Tools that conduct these checks include Fortify, Checkmarx, and many more. The performance of these scans is implemented as part of the Application Security and Development STIG[1] which provides even more guidance on how to establish coding standards (SV-222653r879887_rule), independent testing (SV-222627r879887_rule), and even specifies some minimum requirements for static code analysis such as race conditions (SV-222567r879887_rule), storing sensitive information in hidden fields (SV-222601r879812_rule), cross-site scripting (XSS) (SV-222602r879652_rule), cross-site request forgeries (CSRF) (SV-222603r879652_rule), command injections (SV-222604r879652_rule), canonical representation vulnerabilities (SV-222605r879652_rule), input validation/handling (SV-222606r879652_rule/SV-222609r879818_rule), SQL injections (SV-222607r879652_rule), XML-based attacks (SV-222608r879652_rule), and overflows (including buffer overflow, heap overflows, stack overflows, and wrap-around issues) (SV-222612r879821_rule).

1.3 Conclusion

We have seen an increase in VV&A organizations claiming that they’re conducting the static analysis defined by VV&A processes yet instead conduct cybersecurity static analyses. A good program will incorporate the DoDI 5000.61 requirements, and static analysis tools that speak the language of logic, proofs, and contracts is one small portion of the capabilities such organizations should implement. If your program needs accreditation or authorization from a cybersecurity perspective (such as an Assess and Authorize under RMF), a cybersecurity program will employ static analysis tools that speak the language of weaknesses, vulnerabilities, and coding standards.

Perform a litmus test on your own programs today. Is your VV&A program using cybersecurity tools such as Cppcheck, Code Dx, Checkmarx, Fortify, or Coverity? Suppose your program has a requirement to draw a circle. These are the tools that allow you to say, “Yeah, verily, this is the most secure square that has ever been drawn on a screen.” But these tools do not allow you to say, “You drew a square when the requirements contract for the code is that you draw a circle.” That involves provability and qualification testing that your VV&A program should be concentrating on.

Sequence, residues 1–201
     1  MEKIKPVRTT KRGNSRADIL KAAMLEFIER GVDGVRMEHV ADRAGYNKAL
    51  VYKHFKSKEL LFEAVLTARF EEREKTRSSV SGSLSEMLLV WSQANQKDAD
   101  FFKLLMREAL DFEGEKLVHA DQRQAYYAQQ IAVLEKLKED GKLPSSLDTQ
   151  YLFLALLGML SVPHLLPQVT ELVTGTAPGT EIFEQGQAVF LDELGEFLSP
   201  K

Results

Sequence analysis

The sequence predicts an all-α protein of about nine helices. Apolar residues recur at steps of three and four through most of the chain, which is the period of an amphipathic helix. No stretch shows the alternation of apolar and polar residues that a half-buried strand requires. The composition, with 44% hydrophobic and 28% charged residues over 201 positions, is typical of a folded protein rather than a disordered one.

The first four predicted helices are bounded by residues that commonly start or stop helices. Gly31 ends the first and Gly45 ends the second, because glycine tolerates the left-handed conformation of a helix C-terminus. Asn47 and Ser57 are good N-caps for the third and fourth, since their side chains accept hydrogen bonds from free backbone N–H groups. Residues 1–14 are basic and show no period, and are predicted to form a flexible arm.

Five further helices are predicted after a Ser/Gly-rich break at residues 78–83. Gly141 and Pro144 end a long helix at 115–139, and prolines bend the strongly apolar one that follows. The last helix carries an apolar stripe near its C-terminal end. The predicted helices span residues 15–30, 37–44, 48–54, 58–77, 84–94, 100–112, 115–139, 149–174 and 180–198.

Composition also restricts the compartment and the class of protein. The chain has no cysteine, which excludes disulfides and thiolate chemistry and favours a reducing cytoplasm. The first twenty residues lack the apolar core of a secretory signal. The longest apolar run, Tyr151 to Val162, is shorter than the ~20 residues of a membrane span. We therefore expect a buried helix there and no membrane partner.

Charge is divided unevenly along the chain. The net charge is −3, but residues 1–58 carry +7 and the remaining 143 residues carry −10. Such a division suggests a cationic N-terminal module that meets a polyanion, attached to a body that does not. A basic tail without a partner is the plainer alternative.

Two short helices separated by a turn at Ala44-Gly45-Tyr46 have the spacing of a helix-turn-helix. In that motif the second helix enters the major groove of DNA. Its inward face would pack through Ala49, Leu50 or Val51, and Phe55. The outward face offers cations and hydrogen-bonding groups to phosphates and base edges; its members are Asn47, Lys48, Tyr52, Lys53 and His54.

Application Security and Development STIG V5R3. Tech. rep. July 2023. url: https://dl.dod.cyber.mil/wp-content/uploads/stigs/zip/U_ASD_V5R3_STIG.zip.


Department of Defense. Department of Defense Instruction 5000.61. Tech. rep. Incorporating Change 1, October 15, 2018. Washington, D.C.: Department of Defense, 2018. url: https://www.esd.whs.mil/Portals/54/Documents/DD/issuances/dodi/500061p.pdf.


Department of Defense. Department of Defense Instruction 8500.01. Tech. rep. Incorporating Change 1, October 7, 2019. Washington, D.C.: Department of Defense, 2019. url: https://www.esd.whs.mil/portals/54/documents/dd/issuances/dodi/850001_2014.pdf.


Harry D Foster. “Trends in functional verification: A 2014 industry study”. In: Proceedings of the 52nd Annual Design Automation Conference . 2015, pp. 1–6.


Jon Hood, ed. SwATips. https://www.SwATips.com/.


IEEE Standards Association. “IEEE Standard for System, Software, and Hardware Verification and Validation”. In: IEEE Std 1012-2016 (Revision of IEEE Std 1012-2012/ Incorporates IEEE Std 1012-2016/Cor1-2017) (2017), pp. 1–260. doi: 10.1109/IEEESTD.2017.8055462.


Andrew Jones and Jeremy Sonander. “An Introduction To Property Checkers For Functional Verification”. In: (2003). url: https://averant.com:8443/assets/pdf/Intro_PropVer.pdf.


Glenford J Myers. Software Reliability. John Wiley & Sons, Inc., 1976. isbn: 978-0-471-62765-4.


National Institute of Standards and Technology. Security and Privacy Controls for Information Systems and Organizations. Tech. rep. Special Publication (SP) 500-268 v1.1. Washington, D.C.: U.S. Department of Commerce, 2011. doi: 10 . 6028 / NIST . SP . 500 - 268v1 . 1. url: https://nvlpubs.nist.gov/nistpubs/Legacy/SP/nistspecialpublication500-268v1.1.pdf.


National Institute of Standards and Technology. Security and Privacy Controls for Information Systems and Organizations. Tech. rep. Special Publication (SP) 800-53 Revision 5. Washington, D.C.: U.S. Department of Commerce, 2020. doi: 10.6028/NIST.SP.800-53r5. url: https://nvlpubs.nist.gov/nistpubs/SpecialPublications/NIST.SP.800-53r5.pdf.